On Tue, 08 Mar 2005 00:56:06 GMT, "rms" <rsquires@flashREMOVE.net>
    wrote:

    >Check it out!
    > http://www.theinquirer.net/?article=21648
    >
    >rms
    >
    >

    Nothing new here. DSP processor cards have been used for years
    to speed up physics and spatial calculations and offload the CPU.
    Take a look at some of the computer-animation systems. A custom-chip
    is senseless..the high-powered DSPs from TI or Analog Devices
    are far cheaper. This is highly-likely to be a company taking some
    naive-in-the-technology venture-capitalists for a ride...or maybe
    deluding themelves on the way...

    Without a common sw-interface standard agreed on by
    all game developers, the general usage of such hardware is moot...
    the hardware developer would have to write custom-interface code
    for each game, if not the physics code itself.

    The Cell processor in the PS3 is likely to be able to easily dole out
    physics operations among its compute units, but remember this is a
    closed system and can permit such flexibility between its software
    and hardware. Not so easy in the mostly-single-CPU-centric PC
    ( regardless of multiple cores and HT ). Remember, the data is still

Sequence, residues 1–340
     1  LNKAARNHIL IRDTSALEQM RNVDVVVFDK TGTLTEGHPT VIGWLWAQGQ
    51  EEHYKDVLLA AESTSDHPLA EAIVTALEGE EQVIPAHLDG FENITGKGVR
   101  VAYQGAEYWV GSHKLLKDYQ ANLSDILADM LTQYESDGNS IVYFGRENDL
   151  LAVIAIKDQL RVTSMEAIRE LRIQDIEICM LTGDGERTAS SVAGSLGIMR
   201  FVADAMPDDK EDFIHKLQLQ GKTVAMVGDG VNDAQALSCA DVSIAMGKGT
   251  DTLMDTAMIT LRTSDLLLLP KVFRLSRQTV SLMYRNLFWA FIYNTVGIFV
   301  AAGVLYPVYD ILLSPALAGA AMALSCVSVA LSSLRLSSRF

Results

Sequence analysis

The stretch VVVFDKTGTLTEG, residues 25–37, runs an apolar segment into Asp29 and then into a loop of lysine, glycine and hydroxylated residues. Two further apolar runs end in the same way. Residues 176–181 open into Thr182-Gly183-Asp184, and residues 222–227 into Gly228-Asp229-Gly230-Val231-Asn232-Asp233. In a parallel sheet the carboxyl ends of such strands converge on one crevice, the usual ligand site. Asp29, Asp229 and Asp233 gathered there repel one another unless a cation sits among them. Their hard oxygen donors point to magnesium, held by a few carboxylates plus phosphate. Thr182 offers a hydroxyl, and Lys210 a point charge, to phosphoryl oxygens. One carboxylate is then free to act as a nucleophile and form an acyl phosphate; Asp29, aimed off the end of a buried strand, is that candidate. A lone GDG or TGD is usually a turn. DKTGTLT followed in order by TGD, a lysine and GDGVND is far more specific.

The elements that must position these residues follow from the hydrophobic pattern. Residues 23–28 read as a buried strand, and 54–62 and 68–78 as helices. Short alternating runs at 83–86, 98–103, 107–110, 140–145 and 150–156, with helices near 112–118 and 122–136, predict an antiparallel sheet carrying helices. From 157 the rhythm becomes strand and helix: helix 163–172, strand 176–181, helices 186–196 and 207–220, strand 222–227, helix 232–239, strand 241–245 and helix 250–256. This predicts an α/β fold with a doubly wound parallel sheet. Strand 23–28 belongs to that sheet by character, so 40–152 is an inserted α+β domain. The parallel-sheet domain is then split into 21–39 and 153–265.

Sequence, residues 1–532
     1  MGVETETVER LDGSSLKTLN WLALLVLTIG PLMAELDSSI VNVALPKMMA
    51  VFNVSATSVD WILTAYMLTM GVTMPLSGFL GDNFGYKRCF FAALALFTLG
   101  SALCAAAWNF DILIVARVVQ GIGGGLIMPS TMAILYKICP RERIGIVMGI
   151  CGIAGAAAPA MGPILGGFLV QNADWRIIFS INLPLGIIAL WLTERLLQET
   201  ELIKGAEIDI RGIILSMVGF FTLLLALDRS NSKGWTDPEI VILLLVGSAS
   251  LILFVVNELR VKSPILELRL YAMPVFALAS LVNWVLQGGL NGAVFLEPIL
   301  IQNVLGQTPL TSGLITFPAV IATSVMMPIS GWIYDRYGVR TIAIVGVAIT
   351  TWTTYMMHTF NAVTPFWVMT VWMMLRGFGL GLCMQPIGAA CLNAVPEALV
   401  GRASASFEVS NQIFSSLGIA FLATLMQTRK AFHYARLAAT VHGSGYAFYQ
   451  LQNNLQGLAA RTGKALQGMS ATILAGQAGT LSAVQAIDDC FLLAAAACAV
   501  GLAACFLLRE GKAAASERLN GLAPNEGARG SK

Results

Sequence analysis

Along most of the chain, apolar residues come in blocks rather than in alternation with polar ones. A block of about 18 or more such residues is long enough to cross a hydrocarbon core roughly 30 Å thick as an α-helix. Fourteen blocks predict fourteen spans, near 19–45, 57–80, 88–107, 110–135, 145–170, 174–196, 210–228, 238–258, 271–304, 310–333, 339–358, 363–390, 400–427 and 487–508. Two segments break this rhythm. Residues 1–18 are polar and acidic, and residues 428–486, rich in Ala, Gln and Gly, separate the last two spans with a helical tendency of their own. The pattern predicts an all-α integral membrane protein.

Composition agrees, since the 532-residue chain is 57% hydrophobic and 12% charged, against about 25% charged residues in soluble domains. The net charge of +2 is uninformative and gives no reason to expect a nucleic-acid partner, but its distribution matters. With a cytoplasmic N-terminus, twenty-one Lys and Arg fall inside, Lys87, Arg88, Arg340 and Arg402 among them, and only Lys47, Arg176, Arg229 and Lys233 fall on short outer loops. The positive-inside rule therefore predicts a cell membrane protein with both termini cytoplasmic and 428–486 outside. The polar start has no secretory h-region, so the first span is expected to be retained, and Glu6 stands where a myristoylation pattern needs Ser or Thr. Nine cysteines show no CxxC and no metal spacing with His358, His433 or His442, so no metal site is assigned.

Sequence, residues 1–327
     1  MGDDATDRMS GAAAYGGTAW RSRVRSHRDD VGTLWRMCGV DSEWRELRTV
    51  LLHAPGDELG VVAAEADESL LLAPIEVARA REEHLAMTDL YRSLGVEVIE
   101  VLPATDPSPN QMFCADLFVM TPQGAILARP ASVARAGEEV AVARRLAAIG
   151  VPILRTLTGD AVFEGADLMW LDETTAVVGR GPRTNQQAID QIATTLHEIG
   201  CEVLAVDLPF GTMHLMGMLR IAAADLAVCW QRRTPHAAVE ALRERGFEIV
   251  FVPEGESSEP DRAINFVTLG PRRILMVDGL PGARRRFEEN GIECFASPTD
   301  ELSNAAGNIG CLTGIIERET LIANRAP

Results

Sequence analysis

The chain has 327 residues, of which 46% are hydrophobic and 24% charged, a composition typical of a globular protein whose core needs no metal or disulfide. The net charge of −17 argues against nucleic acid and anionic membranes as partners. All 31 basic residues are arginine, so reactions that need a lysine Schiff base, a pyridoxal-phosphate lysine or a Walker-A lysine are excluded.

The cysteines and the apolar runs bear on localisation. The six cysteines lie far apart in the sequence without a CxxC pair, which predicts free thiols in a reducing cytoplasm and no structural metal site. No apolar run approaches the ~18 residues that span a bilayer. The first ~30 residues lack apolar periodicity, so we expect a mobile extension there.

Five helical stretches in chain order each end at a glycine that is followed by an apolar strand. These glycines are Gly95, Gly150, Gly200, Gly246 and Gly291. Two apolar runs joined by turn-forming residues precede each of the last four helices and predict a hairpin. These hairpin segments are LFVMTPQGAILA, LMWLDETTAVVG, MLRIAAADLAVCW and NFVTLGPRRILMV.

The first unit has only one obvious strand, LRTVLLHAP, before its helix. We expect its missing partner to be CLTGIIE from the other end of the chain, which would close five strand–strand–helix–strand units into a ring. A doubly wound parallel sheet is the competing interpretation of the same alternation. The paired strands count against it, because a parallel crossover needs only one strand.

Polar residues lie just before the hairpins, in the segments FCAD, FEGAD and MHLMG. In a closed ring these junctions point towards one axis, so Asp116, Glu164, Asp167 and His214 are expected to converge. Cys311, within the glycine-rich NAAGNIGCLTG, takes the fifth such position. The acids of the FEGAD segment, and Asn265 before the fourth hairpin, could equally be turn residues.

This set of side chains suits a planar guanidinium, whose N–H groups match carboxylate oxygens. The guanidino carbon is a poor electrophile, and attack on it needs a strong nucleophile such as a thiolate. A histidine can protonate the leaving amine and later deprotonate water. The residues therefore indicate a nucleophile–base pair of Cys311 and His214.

bottlenecked at the pins of a single-chip and sharing that data
    in an efficient non-symmetric way with a custom 3rd-party processing
    board as proposed in the article is a hair-raising system and
    interface software task.

    Anyway, the guy who wrote the article can't even spell and can't
    get developers' names right.

    John Lewis
  10. Archived from groups: comp.sys.ibm.pc.games.action (More info?)

    <mmaker@my-deja.com> wrote in message
    news:1110284437.787116.113710@o13g2000cwo.googlegroups.com...
    > Andrew wrote:
    >> Moore's law and
    >> multicore CPU's will make this obsolete IMO.
    >
    > If that was true, we'd still be running on VGA cards with the CPU doing
    > all the 3D rendering. In reality, simple tasks like rendering 3D
    > triangles and performing physics calculations can be done much more
    > efficiently in dedicated hardware than a general-purpose CPU... plus
    > offloading them to hardware leaves more cycles for AI and other
    > CPU-intensive tasks.
    >
    > I've been wondering for a while when Microsoft would add
    > 'DirectPhysics' to all the other DirectX interfaces and open up a whole
    > new hardware market... may not be too long now.
    >
    > Mark
    >

    I can see it now. A dedicated CPU could be used for graphics, physics,
    sound, AI, you name it. But the real deal is that graphical texturing and
    polygon pushing require some of the most intense computations. I would think